Typically a girl’s name, Saoirse, meaning “freedom,” first became popular in the newly independent Ireland of the 1920s and has most commonly been pronounced “Sorsha” or “Seersha.” Saoirse Ronan’s twist on it is “partly her accent,” reckons Ó Séaghdha, but it’s already fast on its way to becoming a new dominant pronunciation.

So if you’re not sure how someone says their name, just ask.

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That apostrophe you see on the O of Irish surnames is an Anglicization of a “síneadh fada,” an acute accent slanting to the right. A fada above a vowel means the vowel should be pronounced “long” – which is what fada means in Irish.

Fadas are often dropped in English, but in Irish pronunciation they are crucial. Take the first name of Irish-American talk show host Conan O’Brian. When anglicized it’s “Co-nin,” but with native pronunciation Conán is “Co-Nawn.” Likewise with Ronan (Ro-Nin) and Rónán (Ro-Nawn) - which, incidentally, means “baby seal.” Aww.

Éabha is pronounced with a long E and sounds similar to the name “Ava,” but it’s actually “the way Eve is spelled in the Irish language Bible,” says Ó Séaghdha.

And why is that bh pronounced like a V? We’ll get to that soon.

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The most famous Siobhán in modern times is Shiv from the TV show “Succession,” played by Australian actor Sarah Snook, but how does Siobh become “Shiv”? Ó Séaghdha – whose full name, if you’ve been wondering, is pronounced Da-rach (rhymes with Bach) O Shay – explains.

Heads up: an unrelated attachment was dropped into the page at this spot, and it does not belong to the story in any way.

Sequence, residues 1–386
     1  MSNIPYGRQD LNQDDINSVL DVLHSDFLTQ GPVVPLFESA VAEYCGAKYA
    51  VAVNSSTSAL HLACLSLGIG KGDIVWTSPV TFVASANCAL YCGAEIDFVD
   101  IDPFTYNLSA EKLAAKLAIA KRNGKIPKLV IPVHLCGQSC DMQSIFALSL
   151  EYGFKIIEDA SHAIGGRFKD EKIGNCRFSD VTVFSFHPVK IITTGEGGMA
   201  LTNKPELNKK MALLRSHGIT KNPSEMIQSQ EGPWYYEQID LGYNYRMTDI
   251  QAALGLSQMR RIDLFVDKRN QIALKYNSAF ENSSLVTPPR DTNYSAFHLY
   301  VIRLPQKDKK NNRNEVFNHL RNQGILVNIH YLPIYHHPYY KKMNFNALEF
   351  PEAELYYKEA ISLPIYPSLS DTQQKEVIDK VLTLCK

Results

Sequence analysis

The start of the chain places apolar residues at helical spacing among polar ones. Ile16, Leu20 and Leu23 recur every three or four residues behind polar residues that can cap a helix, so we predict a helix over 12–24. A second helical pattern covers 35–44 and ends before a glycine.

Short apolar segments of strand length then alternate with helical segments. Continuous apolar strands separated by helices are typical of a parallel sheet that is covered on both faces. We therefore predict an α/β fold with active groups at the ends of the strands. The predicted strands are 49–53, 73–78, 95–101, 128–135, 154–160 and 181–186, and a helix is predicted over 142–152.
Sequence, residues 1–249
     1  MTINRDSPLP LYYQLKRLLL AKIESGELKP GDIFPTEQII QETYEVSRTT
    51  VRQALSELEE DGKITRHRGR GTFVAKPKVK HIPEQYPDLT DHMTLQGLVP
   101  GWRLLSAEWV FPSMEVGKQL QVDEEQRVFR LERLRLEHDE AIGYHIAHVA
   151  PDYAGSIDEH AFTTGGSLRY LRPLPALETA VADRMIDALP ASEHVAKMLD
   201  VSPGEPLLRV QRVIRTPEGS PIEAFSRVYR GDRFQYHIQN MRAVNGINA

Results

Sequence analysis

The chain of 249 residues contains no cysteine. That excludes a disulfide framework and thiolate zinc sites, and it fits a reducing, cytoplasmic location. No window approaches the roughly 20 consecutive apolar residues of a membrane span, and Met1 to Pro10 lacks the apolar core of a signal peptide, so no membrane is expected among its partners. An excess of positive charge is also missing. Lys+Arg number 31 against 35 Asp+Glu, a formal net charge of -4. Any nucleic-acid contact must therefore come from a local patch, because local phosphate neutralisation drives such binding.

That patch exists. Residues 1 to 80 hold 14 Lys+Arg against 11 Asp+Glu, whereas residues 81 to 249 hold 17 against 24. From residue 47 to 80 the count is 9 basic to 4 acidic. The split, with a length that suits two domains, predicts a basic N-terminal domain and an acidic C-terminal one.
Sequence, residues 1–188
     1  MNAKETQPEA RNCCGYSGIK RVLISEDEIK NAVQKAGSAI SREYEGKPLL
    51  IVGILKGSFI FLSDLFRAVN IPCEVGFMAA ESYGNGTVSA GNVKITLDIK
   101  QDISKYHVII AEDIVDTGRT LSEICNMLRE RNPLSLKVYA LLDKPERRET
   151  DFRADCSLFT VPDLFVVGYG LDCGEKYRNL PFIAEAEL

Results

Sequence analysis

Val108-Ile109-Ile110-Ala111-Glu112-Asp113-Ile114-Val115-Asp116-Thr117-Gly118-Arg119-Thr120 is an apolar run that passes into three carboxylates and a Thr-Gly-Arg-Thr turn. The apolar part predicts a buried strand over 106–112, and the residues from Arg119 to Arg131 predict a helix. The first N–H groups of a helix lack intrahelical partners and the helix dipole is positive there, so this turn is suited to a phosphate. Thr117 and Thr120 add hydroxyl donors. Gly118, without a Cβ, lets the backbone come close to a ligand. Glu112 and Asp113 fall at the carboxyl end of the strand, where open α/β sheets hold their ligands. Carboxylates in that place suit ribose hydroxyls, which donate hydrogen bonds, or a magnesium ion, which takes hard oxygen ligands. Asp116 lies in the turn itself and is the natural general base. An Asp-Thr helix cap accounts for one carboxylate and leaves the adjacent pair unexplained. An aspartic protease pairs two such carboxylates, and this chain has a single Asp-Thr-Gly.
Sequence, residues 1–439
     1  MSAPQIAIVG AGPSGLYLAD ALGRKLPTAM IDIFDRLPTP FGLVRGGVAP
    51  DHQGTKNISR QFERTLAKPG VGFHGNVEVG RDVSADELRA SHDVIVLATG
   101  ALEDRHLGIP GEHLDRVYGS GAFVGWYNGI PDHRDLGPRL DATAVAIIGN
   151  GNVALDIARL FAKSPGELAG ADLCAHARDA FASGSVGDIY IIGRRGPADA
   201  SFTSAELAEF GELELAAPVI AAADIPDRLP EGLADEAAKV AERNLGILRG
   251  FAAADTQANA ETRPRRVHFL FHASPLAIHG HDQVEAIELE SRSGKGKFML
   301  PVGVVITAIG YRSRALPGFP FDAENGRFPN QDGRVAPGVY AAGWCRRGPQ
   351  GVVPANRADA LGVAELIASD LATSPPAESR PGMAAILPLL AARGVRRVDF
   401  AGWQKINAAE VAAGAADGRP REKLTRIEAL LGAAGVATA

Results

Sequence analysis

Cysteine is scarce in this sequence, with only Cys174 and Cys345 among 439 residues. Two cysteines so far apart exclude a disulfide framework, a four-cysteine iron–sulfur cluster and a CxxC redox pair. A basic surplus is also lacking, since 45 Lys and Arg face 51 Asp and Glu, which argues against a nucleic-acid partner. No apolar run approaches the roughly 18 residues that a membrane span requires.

“In Irish, you’ve got broad vowels and narrow vowels. When an S is next to a broad vowel like an A or an O, it sounds like ‘Sss,’ but when it’s next to a narrow one like I, it’s ‘Sh.’” It’s called the “caol le caol” rule.

The name Sean has a fada when written in Irish – Seán (Shawn) - which is why the endings of Seán and Siobhán rhyme with “lawn” and not “can.” Another example is Aisling – meaning “dream” - which is pronounced Ashling (and sometimes spelled that way too).

You’re still wondering about that bh, aren’t you? Okay, we’ll explain.

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Because fadas are dropped in English, Ó Séaghdha says a quick hack is often to “look at the Hs. If a h comes after another consonant, it’s usually softening it. ‘Bh’ and ‘mh’ are often treated like a single letter and pronounced ‘v’.” Hence - drumroll, please - Siobhán.